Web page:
Here’s why: In our polity, priests and pastors can’t fire deacons. Only the bishop can. Our (older, male) bishop at the time was no friend to women clergy, and was, for some reason, a great defender of this guy (guess who signed off on his ordination even after he failed his diaconal exams?). This guy’s miserable new pastor was new in town, needed the job, and didn’t want to rock the boat.

I was kinda hoping to convince this bishop to ordain me to the priesthood, so I didn’t really want to rock that boat either. But my lay coworker wasn’t afraid of the bishop. Once we had the full story on this guy, she wrote it all up and marched into the bishop’s office. The bishop made a few phone calls to rally the guy’s defenders, but it turned out he didn’t have very many defenders at all.

The result: In the end, the guy was permanently removed from parochial status, but not defrocked. He still gets to attend clergy conferences, wear a clerical collar, and go by “Reverend.” Good for him, I guess.

The Unstable Guy

The situation: In my early twenties, I attended a church with a large presence of homeless and marginally housed people. Most of them were cool. One (older, male) was scary.

I never knew quite what was up with him, but I did know that his behavior could be very erratic. He sometimes wandered into the middle of the service, shouting at no one in particular. Occasionally he would stand on a pew. None of that was too unusual in this church. More troubling, though, it was really hard for me to get him to leave me alone.

He always wanted to sit up close next to me, or “help” me carry things out to my car by grabbing them out of my arms. He was a whole lot bigger than me, and I had seen him yell at and occasionally threaten other members of the congregation, so I was — as mentioned — pretty scared.

What I did: I decided this was not the kind of situation I should try to handle alone. Instead, I asked my (older, male) priest for help. He was a proud feminist and a father of daughters. I figured he would be willing and able to help me handle it.

What I did not expect was for him to say in a patronizing tone, “Have you talked to him about it?”


I said something approximating that. My priest answered patiently, “Just talk to him. It’s not fair to complain about it if you haven’t talked to him first.”

The result: Did I mention I was too scared to talk to this guy about setting appropriate physical limits? I went to church a little less often and otherwise just lived with it until the guy was finally asked to leave the church. What triggered that, you ask? Well, he loudly threatened to kick the ass of the (older, male) senior warden/board president one morning during coffee hour, and the senior warden insisted that he not be allowed to return.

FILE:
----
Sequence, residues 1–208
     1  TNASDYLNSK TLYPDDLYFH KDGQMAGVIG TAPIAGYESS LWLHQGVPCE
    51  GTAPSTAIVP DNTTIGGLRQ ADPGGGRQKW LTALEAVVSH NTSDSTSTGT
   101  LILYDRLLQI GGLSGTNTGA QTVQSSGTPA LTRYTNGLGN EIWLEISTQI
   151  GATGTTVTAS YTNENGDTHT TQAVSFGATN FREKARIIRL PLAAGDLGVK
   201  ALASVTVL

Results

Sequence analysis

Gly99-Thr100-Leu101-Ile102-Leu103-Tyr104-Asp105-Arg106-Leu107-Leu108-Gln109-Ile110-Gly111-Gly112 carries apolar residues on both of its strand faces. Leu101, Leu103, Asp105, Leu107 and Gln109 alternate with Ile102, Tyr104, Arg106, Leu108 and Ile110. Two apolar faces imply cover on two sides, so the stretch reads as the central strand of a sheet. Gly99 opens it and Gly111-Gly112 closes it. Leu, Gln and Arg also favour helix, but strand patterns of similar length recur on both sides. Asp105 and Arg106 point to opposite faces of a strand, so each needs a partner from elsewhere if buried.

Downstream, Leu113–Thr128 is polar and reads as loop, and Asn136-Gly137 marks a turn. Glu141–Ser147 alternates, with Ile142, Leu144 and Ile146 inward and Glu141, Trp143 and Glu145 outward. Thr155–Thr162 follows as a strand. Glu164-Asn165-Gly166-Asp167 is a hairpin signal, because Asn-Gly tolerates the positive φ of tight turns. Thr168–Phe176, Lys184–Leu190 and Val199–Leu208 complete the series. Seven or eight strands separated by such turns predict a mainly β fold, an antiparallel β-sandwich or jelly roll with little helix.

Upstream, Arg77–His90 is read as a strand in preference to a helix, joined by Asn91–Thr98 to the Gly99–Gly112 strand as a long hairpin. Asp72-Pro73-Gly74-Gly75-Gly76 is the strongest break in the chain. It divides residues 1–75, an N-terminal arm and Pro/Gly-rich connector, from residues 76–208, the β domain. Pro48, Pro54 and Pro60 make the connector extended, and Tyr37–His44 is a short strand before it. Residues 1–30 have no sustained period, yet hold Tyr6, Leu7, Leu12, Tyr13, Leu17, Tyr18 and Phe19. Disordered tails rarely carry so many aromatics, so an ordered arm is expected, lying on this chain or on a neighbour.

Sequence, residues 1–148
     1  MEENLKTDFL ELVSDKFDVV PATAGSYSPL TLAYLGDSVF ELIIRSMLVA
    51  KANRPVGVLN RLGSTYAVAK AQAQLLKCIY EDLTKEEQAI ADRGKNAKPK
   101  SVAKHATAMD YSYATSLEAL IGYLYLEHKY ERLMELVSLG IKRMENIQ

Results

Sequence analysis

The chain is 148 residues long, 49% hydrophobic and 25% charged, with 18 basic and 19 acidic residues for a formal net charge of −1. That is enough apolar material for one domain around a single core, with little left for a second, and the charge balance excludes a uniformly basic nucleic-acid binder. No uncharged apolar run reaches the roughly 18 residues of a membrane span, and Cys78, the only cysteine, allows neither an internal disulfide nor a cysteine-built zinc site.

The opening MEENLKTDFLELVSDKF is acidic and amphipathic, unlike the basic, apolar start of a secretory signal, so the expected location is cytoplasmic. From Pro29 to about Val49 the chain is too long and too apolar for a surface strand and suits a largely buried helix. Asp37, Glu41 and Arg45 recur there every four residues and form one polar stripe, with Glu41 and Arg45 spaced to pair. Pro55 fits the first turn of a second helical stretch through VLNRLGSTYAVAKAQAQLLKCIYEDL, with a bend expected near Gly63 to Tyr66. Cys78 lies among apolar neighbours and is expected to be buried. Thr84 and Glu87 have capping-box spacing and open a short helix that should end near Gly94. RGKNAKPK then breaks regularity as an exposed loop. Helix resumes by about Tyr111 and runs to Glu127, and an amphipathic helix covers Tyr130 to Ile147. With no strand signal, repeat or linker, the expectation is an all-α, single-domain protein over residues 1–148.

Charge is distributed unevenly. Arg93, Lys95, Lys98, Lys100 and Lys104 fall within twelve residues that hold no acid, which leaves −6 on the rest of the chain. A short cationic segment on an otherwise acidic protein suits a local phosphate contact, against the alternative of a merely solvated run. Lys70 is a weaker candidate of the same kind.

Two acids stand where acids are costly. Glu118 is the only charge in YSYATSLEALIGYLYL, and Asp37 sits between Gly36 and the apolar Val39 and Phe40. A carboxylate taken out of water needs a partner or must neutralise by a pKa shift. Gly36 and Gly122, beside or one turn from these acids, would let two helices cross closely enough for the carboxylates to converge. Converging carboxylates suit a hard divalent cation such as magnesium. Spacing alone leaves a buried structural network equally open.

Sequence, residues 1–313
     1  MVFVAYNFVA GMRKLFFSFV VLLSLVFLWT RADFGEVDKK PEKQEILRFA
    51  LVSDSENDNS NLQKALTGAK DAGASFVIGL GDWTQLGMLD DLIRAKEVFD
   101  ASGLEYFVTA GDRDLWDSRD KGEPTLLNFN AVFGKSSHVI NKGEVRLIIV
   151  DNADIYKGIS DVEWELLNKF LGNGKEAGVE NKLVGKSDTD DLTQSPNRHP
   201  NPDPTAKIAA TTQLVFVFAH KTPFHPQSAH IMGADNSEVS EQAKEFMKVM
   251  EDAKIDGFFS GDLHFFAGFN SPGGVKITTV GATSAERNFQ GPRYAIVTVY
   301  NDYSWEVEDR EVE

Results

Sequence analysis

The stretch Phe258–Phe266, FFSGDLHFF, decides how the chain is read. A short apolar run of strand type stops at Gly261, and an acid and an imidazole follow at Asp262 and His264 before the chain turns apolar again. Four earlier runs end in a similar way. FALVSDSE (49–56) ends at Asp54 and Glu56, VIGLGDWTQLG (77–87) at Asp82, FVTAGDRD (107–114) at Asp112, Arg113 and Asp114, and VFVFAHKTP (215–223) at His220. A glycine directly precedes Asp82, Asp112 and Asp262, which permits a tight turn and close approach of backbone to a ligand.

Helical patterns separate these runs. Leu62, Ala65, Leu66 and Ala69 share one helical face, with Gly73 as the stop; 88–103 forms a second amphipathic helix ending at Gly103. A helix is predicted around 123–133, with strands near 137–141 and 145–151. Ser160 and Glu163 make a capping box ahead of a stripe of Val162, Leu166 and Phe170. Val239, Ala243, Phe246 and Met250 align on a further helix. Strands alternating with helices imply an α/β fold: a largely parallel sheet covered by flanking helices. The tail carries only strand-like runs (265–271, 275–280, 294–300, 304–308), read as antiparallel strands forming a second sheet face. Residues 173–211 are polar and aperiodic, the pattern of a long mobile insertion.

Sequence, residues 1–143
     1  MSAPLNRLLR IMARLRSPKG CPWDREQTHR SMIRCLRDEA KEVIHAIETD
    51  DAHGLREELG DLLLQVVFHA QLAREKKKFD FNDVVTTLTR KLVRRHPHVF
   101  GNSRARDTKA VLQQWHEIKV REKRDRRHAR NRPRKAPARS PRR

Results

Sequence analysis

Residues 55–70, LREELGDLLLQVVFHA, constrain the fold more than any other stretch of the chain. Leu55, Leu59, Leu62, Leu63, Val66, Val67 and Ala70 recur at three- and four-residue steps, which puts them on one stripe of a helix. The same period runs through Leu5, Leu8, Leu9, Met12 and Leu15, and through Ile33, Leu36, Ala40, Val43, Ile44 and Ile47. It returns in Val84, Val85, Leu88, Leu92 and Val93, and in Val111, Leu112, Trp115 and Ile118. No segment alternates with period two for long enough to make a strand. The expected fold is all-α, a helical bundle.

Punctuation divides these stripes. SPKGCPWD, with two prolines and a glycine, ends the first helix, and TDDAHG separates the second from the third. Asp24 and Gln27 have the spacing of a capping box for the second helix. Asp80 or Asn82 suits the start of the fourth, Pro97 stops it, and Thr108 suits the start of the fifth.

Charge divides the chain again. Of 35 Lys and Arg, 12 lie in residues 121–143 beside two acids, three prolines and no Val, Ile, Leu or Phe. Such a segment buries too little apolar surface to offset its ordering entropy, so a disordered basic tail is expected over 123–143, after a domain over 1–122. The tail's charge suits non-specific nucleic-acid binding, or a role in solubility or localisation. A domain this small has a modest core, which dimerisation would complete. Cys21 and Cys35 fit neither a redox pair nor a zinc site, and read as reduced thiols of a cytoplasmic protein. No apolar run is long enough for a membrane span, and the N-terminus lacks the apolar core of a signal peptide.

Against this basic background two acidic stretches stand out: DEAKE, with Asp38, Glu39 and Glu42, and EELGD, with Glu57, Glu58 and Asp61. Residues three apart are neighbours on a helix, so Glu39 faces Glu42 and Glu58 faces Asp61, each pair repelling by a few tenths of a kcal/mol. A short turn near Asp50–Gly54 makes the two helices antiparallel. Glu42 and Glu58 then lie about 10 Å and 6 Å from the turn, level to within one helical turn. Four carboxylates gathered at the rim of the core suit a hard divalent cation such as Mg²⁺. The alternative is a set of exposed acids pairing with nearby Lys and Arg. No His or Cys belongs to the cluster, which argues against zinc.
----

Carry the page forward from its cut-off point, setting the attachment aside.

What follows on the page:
Good to know the priest was willing to listen to somebody.

The Very Affectionate Guy

The situation: Oh boy, this was way back in my first-ever church job, when I was still a college student! There was an (older, male) guy there who was a hugger. That’s what he would say, every time he swatted away the hand I had proffered for a handshake and instead went in for a long, intense hug: “I’m a hugger.”

When the holidays rolled around, I went to the staff holiday party, which included the entire church staff and a handful of volunteers who did staff-like things. This guy handled the payroll or something, so he was there. I arrived a little late, and it was clear that everyone had already been drinking for a while. Mr. Hugger Payroll Man strolled up to me and said, “Catherine! It’s so good to see you!” And then he gave me a long, intense hug.

But this time, he also grabbed my butt.

Right in front of all my coworkers.

In public.

At a party.

While his wife stared, curling her lip in disgust.

What I did: I took a big step back and said loudly, “WOW! I THINK THAT’S THE CLOSEST I’VE EVER BEEN TO A MAN!”

He turned bright red and jumped away from me. His wife snickered. Everyone around us giggled uncomfortably.

The result: That motherfucker never touched me again.

But wait, there’s more! The next week, I mentioned this encounter to the (wait for it — older, male) priest I was working for. He smiled ruefully and said, “Oh, yes. Mark, he’s a hugger.”

I was still in college. I was getting paid peanuts to run the church youth group for two hours a week. What did I have to lose?

“You’re right,” I said. “Mark sure is a hugger. Let me show you the hug I got from him on Friday night.”

I marched right up to my boss, wrapped my arms around him, and pressed my whole body up against his. I let my hands wander down his back and gave his butt a little squeeze.